MP calls for compensation for Equitable Life victims

A commitment to providing full compensation for victims of Equitable Life should be included in the Conservative Party manifesto, an MP has said.

Shipley MP Philip Davies – a member of the All-Party Parliamentary Justice for Equitable Life Policy Holders – said the scandal was unresolved and an “open sore which we have a moral duty to put right.”

Equitable Life nearly collapsed in 2000 after failing to put sufficient funds aside to pay for guaranteed payouts it promised on some of its pensions.

Mr Davies wants a clear commitment from Prime Minister Theresa May she will act.

He said: “These victims are ordinary hard working people who sought to be self-reliant in their retirement. They worked hard, played by the rules and did the right thing but through no fault of their own experienced drastic losses to their personal pension savings as a result of previous government and regulatory maladministration.”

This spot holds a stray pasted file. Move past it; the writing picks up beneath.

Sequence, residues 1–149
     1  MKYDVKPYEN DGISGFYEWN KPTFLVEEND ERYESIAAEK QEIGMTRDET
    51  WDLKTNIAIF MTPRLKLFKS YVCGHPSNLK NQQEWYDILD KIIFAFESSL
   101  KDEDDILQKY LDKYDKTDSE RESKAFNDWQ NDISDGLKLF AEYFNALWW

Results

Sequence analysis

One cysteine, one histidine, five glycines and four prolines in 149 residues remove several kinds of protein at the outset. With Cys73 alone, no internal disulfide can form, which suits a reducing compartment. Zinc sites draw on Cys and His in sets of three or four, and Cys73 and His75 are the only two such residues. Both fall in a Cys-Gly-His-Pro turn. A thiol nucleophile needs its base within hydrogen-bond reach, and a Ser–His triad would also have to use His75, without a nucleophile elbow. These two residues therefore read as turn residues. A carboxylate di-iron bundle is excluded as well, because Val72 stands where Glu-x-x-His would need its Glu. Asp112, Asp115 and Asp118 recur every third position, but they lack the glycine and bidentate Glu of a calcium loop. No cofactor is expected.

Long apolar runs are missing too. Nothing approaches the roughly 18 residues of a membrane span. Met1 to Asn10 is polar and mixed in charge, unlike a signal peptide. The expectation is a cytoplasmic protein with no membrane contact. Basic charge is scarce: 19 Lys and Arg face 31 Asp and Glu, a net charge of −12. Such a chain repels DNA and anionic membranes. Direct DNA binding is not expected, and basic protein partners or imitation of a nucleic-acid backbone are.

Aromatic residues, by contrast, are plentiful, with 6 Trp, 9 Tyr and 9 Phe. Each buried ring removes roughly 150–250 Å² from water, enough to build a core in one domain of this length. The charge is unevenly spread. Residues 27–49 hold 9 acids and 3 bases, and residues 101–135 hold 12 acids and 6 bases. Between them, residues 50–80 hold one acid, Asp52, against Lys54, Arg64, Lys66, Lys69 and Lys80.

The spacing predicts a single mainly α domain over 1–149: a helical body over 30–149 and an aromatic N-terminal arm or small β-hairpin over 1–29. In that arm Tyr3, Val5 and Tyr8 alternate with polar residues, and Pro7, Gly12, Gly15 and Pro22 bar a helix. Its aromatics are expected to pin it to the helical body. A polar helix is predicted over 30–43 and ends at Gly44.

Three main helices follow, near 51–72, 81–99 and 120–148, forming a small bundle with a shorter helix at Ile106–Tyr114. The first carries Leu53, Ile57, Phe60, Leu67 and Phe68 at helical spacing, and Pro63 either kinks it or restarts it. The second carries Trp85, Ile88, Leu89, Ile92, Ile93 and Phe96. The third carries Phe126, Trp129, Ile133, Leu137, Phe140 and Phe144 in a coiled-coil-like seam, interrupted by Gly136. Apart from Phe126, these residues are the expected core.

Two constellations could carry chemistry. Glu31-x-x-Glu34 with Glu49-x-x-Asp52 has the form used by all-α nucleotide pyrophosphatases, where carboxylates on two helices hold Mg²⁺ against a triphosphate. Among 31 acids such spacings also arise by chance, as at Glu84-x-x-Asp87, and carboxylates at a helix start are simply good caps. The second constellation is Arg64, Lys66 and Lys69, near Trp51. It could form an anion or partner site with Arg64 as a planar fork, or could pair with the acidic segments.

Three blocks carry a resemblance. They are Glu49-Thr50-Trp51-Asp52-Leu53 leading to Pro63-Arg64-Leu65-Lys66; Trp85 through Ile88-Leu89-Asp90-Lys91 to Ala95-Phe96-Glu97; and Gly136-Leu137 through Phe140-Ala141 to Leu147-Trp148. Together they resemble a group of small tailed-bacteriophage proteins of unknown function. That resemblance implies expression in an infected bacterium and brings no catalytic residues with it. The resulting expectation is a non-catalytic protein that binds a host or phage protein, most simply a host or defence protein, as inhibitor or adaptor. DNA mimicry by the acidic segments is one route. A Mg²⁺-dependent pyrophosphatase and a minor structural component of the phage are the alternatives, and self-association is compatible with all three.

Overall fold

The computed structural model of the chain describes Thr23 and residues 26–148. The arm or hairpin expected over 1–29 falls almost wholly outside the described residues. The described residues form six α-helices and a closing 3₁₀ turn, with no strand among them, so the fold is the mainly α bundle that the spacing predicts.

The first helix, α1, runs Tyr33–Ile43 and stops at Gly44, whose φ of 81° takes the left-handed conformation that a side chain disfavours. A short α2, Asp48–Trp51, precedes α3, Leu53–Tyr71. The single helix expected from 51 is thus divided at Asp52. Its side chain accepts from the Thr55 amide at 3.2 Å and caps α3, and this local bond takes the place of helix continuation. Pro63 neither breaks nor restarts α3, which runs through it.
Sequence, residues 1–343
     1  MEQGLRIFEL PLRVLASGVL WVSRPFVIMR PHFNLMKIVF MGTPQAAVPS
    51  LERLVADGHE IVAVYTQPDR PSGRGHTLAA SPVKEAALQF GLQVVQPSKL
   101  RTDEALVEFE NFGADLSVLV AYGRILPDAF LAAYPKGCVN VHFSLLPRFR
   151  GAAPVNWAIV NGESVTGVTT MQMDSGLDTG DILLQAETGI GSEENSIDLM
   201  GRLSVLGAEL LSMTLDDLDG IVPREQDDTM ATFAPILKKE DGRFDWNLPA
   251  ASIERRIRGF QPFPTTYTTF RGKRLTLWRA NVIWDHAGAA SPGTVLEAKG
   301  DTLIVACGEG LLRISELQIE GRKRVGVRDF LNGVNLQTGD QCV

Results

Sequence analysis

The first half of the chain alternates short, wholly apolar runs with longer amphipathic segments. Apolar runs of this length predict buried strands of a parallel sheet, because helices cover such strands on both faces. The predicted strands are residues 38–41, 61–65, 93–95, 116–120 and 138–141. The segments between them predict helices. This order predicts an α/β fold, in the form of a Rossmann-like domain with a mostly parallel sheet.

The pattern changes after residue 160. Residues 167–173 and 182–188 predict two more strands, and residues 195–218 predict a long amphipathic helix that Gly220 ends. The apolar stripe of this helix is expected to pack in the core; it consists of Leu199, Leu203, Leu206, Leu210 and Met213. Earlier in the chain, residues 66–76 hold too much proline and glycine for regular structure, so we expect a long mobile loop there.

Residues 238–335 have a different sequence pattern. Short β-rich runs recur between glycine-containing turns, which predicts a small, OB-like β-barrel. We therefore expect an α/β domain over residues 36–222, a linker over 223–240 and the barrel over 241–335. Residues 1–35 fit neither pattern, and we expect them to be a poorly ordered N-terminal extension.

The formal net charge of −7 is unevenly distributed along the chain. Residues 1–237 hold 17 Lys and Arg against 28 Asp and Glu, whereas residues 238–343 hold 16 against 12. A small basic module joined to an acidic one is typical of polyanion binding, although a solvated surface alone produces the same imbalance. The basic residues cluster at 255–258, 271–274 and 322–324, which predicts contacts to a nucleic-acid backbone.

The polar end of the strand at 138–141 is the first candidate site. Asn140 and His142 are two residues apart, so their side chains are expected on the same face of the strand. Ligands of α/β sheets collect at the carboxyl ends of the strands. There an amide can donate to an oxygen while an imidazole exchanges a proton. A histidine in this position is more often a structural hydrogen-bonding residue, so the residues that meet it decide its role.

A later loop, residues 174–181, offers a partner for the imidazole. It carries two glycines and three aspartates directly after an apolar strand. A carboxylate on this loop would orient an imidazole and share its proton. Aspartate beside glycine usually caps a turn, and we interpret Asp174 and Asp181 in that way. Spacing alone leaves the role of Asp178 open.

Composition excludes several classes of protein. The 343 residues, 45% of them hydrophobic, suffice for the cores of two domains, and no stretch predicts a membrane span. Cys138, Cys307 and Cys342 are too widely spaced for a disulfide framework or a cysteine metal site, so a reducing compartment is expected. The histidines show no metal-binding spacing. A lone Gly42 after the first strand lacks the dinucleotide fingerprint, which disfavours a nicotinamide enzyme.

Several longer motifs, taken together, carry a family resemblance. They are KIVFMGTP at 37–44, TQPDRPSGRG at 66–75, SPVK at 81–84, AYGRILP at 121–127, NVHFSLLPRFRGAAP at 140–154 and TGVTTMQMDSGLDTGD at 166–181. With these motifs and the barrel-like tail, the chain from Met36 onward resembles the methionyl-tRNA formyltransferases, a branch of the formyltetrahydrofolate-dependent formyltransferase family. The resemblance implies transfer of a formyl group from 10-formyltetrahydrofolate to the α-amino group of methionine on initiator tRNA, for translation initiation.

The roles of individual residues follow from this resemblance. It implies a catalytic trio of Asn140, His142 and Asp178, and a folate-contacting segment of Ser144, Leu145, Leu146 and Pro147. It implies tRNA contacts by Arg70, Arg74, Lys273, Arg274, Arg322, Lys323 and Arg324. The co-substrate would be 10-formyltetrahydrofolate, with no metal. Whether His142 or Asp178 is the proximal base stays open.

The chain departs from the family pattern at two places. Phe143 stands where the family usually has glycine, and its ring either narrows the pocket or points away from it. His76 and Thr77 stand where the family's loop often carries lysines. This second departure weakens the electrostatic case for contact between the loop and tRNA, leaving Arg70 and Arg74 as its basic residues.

Mr Davies has signed a letter to the Prime Minister urging action, which has cross-party support in Parliament.

He said: “The issue is not affordability. £133billion was found to support the banks who caused the financial crisis that has been used as the excuse for not fully compensating Equitable Life victims. £11 to £13 billion is found every year to fund the shortfall in unfunded public sector pensions. It is clear that if there is a political will, a way will always be found.

“Our economy is far stronger than it was in 2010 and the public finances much improved. We remain convinced there is a fair and practical way forward that could allow for the payment of the  missing £2.6 billion over the course of the next Parliament without putting the public finances at risk.”

The 27 MPs who wrote to Mrs May expressed concern that the average policy value was just £44,000 which at today’s annuity rates, would struggle to cover an individual’s food bill.

Mr Davies said he was proud that the Conservatives legislated for the Equitable Life Payment Scheme in 2010 which compensated people for their “relative loss” but more needs to be done to compensate the victims.

“Until it is resolved, hundreds of thousands of responsible savers, as well as their family and friends, will have little faith in our political and regulatory system,” he added.